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Public health implications of an unfolding infectious disease crisis among Rohingya in Bangladesh

Rahman, Omar (2019) Public health implications of an unfolding infectious disease crisis among Rohingya in Bangladesh. Master Essay, University of Pittsburgh.

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Complex cultural, political, and socioeconomic factors remain major obstacles to solving the infectious disease crisis of the Rohingya refugees in Bangladesh. Using Cox’s Bazar and makeshift settlement camps as context, this essay presents evidence from published literature that establishes the key historical events that produced the current policies in effect, thereby leading to an exponential increase in infectious disease prevalence and a high degree of public health significance in Bangladesh. Epidemiological studies of infectious diseases in this region have traced the cause to ineffective resource management. Available evidence reveals several possible solutions to rectify current policies that govern water and sanitation, food and nutrition, shelter and non-food items, access to health services, and medical education. However, traditional solutions such as identification cards, food rations, repatriation for refugees, and resettlement have not produced beneficial outcomes for any of the parties involved, as local economic opportunity and freedom of movement are not granted to the Rohingya peoples for fear of resource drainage. The inefficient supply chain management of these resources must be addressed in order to produce long-term relief from infectious diseases for refugees. By including local leaders of the community in policy meetings, the Government of Bangladesh and the United Nations can develop a viable public health strategy to combat the spread of infectious diseases among Rohingya in Bangladesh.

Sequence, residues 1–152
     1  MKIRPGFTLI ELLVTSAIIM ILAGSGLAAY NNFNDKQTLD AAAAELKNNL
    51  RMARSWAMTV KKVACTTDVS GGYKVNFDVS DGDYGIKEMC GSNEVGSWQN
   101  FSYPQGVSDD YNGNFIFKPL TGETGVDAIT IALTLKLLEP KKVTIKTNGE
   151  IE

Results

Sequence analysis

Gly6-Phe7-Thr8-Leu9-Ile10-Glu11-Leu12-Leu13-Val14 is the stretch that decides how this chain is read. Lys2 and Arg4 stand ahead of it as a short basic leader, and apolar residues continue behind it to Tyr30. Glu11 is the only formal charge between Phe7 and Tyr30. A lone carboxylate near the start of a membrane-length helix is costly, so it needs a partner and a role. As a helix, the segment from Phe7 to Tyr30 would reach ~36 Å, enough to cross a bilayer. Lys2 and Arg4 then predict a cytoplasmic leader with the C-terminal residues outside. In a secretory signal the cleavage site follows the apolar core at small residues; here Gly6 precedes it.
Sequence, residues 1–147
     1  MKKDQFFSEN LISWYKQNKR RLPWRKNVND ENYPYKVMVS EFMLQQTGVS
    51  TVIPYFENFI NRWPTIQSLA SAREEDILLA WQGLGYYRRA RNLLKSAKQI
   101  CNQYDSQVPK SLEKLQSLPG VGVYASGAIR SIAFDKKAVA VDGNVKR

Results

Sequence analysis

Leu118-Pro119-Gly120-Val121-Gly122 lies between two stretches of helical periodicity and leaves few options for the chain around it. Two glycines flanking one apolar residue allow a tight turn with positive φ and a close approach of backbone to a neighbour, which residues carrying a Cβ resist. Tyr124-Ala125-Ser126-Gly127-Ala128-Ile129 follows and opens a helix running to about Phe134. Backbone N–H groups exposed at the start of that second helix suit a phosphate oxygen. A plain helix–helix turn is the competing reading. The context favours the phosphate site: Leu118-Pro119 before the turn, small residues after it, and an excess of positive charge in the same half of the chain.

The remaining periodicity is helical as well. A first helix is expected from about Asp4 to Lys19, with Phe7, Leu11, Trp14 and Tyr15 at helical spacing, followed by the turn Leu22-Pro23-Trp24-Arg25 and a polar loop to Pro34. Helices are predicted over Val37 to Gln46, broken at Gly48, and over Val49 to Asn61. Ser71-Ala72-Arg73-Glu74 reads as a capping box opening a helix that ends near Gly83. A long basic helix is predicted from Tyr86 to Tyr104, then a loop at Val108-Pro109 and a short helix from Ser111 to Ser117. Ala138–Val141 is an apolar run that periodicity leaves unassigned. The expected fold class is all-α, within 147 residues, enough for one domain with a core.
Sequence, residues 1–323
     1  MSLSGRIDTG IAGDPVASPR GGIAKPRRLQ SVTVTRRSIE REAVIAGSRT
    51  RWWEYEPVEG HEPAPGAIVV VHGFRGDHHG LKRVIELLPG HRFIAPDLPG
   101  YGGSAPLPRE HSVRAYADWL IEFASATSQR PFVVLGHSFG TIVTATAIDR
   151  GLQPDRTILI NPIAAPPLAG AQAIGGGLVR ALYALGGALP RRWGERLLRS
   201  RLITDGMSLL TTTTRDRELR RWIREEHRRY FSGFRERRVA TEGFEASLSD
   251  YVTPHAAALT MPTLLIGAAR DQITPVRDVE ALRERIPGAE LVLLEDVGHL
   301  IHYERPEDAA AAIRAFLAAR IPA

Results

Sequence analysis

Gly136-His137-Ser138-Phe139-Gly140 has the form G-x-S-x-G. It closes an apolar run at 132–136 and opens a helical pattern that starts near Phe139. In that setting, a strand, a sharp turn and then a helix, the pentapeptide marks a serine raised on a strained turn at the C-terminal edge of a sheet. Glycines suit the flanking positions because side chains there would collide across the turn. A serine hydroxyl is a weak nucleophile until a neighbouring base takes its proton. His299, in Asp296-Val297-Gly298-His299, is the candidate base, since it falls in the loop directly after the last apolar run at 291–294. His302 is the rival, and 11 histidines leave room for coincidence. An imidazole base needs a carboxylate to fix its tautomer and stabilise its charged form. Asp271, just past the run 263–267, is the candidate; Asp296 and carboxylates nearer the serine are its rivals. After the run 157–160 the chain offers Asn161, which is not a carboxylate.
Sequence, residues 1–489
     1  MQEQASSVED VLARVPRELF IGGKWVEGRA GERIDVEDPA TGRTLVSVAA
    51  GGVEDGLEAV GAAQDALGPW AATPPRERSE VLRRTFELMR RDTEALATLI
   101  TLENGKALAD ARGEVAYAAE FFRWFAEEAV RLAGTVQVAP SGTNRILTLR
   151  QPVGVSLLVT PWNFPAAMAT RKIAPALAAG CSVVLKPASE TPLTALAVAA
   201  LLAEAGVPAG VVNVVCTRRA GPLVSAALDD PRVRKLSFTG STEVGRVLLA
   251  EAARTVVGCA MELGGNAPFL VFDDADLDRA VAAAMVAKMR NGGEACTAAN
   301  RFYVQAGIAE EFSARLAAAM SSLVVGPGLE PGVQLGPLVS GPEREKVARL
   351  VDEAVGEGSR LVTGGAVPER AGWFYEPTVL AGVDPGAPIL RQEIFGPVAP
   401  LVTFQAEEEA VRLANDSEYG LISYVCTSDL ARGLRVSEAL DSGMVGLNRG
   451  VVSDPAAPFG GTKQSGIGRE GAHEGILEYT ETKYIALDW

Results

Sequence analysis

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Item Type: Other Thesis, Dissertation, or Long Paper (Master Essay)
Status: Unpublished
CreatorsEmailPitt UsernameORCID
Rahman, OmarOMR8@pitt.eduOMR8
ContributionContributors NameEmailPitt UsernameORCID
Committee ChairFrank, LindaFrankie@pitt.eduUNSPECIFIEDUNSPECIFIED
Committee MemberYassin, MohamedMHY8@pitt.eduMHY8UNSPECIFIED
Date: 2 July 2019
Date Type: Submission
Number of Pages: 65
Institution: University of Pittsburgh
Schools and Programs: School of Public Health > Infectious Diseases and Microbiology
Degree: MOT - Master of Occupational Therapy
Thesis Type: Master Essay
Refereed: Yes
Date Deposited: 27 Sep 2019 22:48
Last Modified: 27 Sep 2019 22:48


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